Machine-learning models based on these “wild” data sources have critical biases that cannot be overlooked, following the “garbage in, garbage out” principle. User attribution of foodborne illness to a specific food item or consumption location is notoriously difficult to confirm given the incubation periods of foodborne pathogens, multiplicity of consumed foods, and inaccuracies of recall.19 Users of social media including Twitter and Yelp represent a convenience sample of a younger, wealthier, predominantly urban population with specific race/ethnicity biases and are not a representative sample of society; additionally, platform penetration is known to vary by geographic region.20-22 Research has shown that consumer stereotypes around ethnic foods drive the implication of such restaurants on social media, and likewise in food safety surveillance systems based on social media data.20,23 The reader is referred to a recent article in Food Safety Magazine for a more in-depth explanation of some of these biases.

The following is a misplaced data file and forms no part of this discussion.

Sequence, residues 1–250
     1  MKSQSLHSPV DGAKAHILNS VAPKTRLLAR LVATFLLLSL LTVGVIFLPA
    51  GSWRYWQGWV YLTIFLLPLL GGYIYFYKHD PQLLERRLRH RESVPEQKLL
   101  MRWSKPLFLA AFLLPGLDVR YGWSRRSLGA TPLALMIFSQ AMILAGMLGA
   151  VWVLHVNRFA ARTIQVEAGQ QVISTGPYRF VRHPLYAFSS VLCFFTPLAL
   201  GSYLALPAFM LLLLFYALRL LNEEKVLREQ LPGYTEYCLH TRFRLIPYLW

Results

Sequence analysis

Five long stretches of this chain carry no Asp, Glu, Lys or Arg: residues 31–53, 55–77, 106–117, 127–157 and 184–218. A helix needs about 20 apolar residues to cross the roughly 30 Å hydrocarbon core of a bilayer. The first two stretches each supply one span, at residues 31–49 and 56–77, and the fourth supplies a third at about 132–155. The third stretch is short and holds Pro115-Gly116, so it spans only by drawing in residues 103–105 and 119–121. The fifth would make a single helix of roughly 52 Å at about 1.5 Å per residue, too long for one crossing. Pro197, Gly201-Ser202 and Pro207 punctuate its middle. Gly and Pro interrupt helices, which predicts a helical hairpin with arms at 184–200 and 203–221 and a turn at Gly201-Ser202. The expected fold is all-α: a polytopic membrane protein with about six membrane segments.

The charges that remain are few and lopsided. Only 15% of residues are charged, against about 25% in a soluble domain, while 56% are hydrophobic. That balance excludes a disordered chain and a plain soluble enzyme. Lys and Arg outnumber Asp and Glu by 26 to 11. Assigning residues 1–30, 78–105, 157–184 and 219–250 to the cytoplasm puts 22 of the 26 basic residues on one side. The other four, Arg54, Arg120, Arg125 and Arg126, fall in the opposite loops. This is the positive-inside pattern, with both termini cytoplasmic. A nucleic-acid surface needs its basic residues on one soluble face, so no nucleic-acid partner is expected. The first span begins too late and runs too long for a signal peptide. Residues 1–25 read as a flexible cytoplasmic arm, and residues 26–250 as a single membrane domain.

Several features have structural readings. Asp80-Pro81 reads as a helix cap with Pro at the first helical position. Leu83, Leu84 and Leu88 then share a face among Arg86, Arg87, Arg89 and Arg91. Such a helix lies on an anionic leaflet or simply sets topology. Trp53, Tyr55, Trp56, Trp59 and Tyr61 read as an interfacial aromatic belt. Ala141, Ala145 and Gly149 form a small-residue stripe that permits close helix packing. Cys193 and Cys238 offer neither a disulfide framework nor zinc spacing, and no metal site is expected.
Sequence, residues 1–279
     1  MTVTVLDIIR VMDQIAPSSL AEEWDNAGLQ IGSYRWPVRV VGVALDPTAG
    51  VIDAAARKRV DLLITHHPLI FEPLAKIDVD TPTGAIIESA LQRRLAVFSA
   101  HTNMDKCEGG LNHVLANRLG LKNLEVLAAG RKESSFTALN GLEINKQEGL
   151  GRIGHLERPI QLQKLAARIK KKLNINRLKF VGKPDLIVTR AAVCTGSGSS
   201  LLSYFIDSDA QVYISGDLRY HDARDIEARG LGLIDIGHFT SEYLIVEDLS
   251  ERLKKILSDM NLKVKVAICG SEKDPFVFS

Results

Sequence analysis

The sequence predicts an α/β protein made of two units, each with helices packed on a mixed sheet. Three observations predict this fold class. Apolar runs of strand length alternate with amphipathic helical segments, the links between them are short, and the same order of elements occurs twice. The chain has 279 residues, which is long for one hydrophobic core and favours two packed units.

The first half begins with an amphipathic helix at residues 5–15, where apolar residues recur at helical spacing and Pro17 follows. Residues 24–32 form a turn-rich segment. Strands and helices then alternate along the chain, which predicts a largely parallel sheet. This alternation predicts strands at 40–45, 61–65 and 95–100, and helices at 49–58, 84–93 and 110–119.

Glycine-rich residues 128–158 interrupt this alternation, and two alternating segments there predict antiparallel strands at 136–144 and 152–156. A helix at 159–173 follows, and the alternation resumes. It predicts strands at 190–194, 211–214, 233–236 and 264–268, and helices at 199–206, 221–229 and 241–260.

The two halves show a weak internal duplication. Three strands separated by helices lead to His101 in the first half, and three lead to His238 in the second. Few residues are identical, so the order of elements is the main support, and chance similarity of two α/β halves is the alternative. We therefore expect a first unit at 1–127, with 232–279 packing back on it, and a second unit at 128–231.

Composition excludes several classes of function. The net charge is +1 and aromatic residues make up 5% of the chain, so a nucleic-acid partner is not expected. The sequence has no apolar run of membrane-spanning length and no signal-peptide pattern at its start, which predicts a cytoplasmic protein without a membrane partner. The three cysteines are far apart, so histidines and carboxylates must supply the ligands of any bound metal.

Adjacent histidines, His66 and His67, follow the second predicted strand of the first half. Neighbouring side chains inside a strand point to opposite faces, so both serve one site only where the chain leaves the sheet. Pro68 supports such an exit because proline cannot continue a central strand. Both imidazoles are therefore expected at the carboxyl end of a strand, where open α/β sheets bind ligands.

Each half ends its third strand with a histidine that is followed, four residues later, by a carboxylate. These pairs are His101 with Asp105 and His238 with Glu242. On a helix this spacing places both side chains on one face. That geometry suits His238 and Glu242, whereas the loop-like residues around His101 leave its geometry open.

Transactional data—electronic records generated at point of sale—are another form of NDS that hold much promise for foodborne disease outbreak investigations, although still with very few applications in practice. Transactional data provide an objective history of consumption records that can be used to generate hypotheses at the early stages of an investigation about the causative food vehicle, as well as the causative location of contamination in retail or a restaurant. While there have been numerous successful examples using individual consumer checkout data collected from known case patients together with standard case-control statistical methods, machine learning finds application with aggregated data, which exist in the form of aggregated store-based or spatially aggregated retail sales, loyalty card data, and credit card transaction records. To protect privacy, sensitive information like usernames and addresses are anonymized before sharing with researchers. A notable example involves work by Kaufman et al.24,25 utilizing aggregated sales data of hundreds of individual products sold in retail to identify the causative food in large-scale spatially distributed outbreaks. A pattern-matching approach was developed that identifies as likely culprits the food items with sales patterns more closely resembling the outbreak distribution. A machine-learned clustering analysis complements the method by identifying clusters of products that are indistinguishable. The approach has been applied in practice, and with some edits and improvements was demonstrated by the Norwegian Institute of Public Health to help identify the source of an enterohemorrhagic Escherichia coli outbreak.26